Boron carbide is one of the most useful non-oxide ceramics in modern engineering because of its unique combination of low density, high hardness, high melting point, and small thermal expansion coefficient. These characteristics make boron carbide attractive for numerous important applications including lightweight body armors, abrasive wear-resistant materials, and neutron detectors. However, toughening ceramics such as boron carbide has been a long-standing challenge.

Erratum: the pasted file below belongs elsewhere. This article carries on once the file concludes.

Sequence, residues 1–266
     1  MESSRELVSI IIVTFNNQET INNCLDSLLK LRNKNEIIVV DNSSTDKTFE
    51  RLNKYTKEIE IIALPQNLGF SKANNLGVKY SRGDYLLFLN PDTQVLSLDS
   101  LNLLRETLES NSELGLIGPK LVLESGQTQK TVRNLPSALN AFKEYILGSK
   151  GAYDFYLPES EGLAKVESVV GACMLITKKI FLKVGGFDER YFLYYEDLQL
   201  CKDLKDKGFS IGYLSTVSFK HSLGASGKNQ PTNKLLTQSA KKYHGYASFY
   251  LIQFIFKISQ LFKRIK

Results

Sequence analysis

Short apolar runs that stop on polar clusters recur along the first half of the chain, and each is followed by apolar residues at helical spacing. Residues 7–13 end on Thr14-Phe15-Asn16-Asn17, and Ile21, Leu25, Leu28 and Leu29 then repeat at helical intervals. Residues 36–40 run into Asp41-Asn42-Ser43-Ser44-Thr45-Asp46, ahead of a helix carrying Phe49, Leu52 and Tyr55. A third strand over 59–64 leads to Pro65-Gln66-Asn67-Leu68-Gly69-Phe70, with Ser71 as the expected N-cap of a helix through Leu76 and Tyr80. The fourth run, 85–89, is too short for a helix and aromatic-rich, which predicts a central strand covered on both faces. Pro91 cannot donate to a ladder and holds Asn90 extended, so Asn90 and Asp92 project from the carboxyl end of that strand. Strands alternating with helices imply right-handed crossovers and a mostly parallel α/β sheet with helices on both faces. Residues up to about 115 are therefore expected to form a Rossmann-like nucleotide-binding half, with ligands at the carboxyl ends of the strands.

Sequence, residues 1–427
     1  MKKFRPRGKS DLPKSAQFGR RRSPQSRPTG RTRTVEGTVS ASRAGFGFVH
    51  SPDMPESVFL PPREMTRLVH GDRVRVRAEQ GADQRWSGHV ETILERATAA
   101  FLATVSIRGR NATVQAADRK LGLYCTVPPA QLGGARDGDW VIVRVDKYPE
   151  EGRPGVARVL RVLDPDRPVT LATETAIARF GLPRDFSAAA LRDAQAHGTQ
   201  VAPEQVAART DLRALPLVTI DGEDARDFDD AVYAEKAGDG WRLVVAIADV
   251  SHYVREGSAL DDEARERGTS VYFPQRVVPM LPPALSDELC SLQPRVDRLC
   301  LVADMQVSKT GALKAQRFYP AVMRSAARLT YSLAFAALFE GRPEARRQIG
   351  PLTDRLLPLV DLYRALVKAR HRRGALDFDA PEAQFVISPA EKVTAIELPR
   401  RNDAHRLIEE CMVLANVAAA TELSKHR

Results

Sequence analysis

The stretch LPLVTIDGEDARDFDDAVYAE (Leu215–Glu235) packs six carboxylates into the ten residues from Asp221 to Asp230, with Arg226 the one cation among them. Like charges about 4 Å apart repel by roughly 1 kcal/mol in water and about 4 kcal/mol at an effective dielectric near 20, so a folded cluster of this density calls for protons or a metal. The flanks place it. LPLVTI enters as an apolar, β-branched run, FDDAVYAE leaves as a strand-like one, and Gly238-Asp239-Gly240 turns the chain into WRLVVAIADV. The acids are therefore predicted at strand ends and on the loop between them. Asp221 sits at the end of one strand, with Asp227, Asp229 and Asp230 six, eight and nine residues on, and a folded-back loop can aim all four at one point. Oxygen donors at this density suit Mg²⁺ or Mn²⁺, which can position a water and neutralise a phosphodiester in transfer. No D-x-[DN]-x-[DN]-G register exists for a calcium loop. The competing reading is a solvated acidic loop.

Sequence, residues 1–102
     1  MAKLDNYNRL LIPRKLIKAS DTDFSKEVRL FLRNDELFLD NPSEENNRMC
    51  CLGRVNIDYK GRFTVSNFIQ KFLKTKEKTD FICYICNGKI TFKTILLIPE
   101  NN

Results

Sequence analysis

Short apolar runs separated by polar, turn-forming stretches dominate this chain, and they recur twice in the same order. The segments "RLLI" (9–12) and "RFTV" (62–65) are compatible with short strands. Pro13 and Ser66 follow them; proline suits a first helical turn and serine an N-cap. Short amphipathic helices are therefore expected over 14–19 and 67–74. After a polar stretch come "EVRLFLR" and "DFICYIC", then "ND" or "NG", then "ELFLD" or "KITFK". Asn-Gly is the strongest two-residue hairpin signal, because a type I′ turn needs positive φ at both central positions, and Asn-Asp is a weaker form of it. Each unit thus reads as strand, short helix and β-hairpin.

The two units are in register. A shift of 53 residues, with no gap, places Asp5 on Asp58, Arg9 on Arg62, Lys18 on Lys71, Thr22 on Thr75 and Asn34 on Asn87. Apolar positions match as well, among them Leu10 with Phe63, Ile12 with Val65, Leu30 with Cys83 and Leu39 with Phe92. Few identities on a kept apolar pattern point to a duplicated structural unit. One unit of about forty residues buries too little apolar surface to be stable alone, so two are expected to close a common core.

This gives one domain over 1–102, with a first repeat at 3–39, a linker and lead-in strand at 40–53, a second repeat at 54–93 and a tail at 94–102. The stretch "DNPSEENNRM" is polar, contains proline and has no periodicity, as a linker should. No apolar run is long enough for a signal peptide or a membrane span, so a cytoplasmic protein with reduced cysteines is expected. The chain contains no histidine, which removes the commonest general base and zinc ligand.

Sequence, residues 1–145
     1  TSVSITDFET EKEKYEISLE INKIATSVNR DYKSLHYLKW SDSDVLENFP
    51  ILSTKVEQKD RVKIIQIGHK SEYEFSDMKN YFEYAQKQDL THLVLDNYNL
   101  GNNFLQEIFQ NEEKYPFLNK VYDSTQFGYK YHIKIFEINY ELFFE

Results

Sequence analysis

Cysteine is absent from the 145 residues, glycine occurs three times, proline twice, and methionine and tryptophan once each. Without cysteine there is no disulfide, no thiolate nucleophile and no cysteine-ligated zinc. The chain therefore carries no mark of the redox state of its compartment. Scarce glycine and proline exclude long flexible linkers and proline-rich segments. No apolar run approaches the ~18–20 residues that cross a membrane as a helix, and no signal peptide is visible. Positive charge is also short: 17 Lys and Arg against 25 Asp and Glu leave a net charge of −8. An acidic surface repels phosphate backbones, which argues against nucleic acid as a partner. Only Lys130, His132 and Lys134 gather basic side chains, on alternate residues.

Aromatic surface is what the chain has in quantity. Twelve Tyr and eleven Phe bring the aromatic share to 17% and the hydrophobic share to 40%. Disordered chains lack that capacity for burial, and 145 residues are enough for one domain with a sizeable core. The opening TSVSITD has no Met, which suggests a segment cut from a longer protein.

By chemically infiltrating B4C into aligned carbon nanotube (CNT) sheets, a US/China research team has fabricated a high-quality, exceptionally tough CNT/B4C composite. Using the chemical vapor infiltration method, most of the manufacturing problems previously encountered in the fabrication of CNT/B4C composite were overcome. Their CNT/B4C composites simultaneously possess a strongly-bonded tube/matrix interface and an amorphous, crack-free B4C matrix, jointly enabling the composites to have exceptional-high mechanical properties and to withstand oxidization at 900 °C in air. Nanotube pullout is consistently observed in all fractured CNT/B4C samples, showing the remarkable reinforcement of nanotubes to the brittle B4C matrix. Mechanical measurements on individual CNT/B4C nanowires show that the fracture strength of the CNT/B4C nanowires is about 1-2 orders of magnitude higher than that of the bulk B4C, suggesting that the CNT/B4C composites hold a great promise in future applications.